Detecting the presence of a given substance at the molecular level, down to a single molecule, remains a considerable challenge for many nanotechnology sensor applications that range from nanobiotechnology research to environmental monitoring and antiterror or military applications. Currently, chemical functionalization techniques are used to specify what a nanoscale detector will sense. For biological molecules, this might mean developing an antibody/antigen pair, or an alternative synthetically generated ligand. For chemical gases, it is much more challenging to develop the right 'glue' that sticks a given gas to a substrate. The advantage of spectroscopic techniques such as Raman, infrared, and nuclear magnetic resonance spectroscopy is that they are label-free, i.e. they require no preconditioning in order to identify a given analyte. They are also highly selective, capable of distinguishing species that are chemically or functionally very similar. On the downside, spectroscopic methods face enormous challenges in measuring dilute concentrations of an analyte and generally involve the use of large, expensive equipment. This article describes a novel chemical detection technique called nanomechanical resonance spectroscopy.
You might have seen the news article that made the rounds a few days ago about how the stained glass windows in medieval churches actually were a nanotechnology application capable of purifying air. While this is a pretty cool headline to capture readers' interest, the underlying finding is much more profound and could open up a new direction in catalysis and herald significant changes in the economy and environmental impact of chemical production. One of the great challenges for catalysis is to find catalysts which can work well under visible light. If scientists manage to crack this problem it would mean that we could use sunlight - the ultimate free, abundant and 'green' energy source - to drive chemical reactions. This is in contrast to today's conventional chemical reactions that often require high temperatures and therefore waste a lot of energy.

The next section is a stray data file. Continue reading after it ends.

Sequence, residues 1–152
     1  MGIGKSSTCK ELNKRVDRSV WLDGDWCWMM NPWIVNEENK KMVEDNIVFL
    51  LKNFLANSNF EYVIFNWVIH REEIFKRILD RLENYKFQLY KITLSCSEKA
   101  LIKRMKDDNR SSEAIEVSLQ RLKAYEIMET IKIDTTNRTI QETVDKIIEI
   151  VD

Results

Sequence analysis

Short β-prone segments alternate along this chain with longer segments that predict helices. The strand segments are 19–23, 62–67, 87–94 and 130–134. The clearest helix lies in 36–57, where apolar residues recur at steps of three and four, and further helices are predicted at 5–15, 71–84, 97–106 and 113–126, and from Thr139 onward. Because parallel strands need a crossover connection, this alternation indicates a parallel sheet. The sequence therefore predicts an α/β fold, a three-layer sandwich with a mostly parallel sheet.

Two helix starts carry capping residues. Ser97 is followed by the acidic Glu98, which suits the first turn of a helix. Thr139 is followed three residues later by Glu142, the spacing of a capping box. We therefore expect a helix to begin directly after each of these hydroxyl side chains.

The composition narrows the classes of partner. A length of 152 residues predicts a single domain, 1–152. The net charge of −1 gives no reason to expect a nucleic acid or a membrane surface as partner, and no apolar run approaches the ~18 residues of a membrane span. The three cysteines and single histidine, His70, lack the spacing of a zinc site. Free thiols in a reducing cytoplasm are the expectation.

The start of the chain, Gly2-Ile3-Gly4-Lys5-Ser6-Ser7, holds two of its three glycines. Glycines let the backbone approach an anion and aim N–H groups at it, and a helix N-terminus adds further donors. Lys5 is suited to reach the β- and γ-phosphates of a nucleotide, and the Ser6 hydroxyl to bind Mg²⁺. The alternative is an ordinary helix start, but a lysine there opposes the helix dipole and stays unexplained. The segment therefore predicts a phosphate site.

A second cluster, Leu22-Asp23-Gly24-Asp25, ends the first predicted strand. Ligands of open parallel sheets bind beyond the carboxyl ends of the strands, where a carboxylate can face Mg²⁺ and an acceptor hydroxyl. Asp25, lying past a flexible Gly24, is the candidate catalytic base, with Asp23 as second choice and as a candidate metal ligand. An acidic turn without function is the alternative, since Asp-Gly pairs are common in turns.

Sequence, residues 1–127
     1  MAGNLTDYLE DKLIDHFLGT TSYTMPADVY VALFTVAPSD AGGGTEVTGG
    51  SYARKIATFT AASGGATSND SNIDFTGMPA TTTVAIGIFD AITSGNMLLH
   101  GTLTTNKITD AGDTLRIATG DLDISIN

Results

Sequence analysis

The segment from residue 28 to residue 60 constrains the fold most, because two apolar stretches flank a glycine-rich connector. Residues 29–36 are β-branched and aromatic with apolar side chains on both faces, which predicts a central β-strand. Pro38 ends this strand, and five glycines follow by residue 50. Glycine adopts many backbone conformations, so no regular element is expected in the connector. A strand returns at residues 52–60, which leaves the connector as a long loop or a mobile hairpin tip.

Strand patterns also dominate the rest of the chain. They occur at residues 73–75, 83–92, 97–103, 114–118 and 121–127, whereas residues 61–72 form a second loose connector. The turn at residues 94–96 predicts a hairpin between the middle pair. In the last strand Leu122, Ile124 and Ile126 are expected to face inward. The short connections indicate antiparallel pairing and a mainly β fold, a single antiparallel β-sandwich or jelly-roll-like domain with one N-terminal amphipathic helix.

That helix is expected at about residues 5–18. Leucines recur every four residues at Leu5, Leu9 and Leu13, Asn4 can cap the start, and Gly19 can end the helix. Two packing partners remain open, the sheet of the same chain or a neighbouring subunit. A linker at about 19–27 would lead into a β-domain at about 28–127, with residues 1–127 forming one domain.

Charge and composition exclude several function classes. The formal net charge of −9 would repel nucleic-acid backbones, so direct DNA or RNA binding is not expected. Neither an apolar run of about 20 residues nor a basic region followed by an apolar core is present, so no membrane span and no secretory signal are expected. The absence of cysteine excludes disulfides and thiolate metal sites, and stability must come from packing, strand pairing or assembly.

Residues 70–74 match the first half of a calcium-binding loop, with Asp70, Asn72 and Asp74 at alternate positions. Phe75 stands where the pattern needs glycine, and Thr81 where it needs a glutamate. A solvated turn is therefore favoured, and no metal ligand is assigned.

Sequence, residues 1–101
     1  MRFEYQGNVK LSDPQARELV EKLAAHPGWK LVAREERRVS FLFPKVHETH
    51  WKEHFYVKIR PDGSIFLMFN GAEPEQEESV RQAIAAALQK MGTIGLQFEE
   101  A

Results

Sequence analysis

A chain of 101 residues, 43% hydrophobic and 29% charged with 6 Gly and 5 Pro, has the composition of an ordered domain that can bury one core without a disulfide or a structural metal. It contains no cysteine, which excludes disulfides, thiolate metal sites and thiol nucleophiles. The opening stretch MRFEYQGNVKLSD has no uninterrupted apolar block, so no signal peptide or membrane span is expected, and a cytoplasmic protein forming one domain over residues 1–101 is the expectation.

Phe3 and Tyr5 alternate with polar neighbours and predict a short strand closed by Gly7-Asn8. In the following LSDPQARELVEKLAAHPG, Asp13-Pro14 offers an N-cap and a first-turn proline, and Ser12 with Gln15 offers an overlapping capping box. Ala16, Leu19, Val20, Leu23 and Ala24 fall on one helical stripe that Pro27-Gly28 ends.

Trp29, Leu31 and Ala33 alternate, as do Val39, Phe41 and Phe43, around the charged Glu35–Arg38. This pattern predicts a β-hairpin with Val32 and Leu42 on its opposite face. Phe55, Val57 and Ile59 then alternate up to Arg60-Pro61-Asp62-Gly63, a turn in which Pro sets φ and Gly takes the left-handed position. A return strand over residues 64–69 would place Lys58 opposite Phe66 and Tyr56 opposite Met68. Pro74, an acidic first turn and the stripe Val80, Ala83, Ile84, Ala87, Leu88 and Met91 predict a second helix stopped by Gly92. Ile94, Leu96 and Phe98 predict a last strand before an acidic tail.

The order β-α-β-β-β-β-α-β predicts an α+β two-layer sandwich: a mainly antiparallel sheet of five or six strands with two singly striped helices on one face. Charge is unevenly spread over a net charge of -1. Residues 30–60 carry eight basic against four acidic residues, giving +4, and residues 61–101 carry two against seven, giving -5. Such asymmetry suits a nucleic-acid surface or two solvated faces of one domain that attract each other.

The two differing approaches that the European Union and the U.S. take in tackling converging technologies is exemplary for the philosophical difference in how these two geographies approach the development of new technologies. Policies in the U.S., especially during the past eight years, have been, well, shaped is not the right word here, let's say drifting, towards a purely market-driven approach to technology development. In contrast, the European approach places the emphasis on the agenda-setting process itself. Rather than letting the market call all the shots, the European approach favors a guided development where societal, safety and environmental aspects are incorporated into the decision-making process. The main task of the EU-funded project CONTECS was to develop ideas for a comprehensive and integrated European agenda with regard to converging technologies. The project has now delivered its final report.
Regenerative medicine is an area in which stem cells hold great promise for overcoming the challenge of limited cell sources for tissue repair. Stem cell research is being pursued vigorously in laboratories all over the world (except in the U.S., where federal funding for embryonic stem cell research has been severely restricted by the current administration) in the hope of achieving major medical breakthroughs. Scientists are striving to create therapies that rebuild or replace damaged cells with tissues grown from stem cells and offer hope to people suffering from cancer, diabetes, cardiovascular disease, spinal-cord injuries, and many other disorders.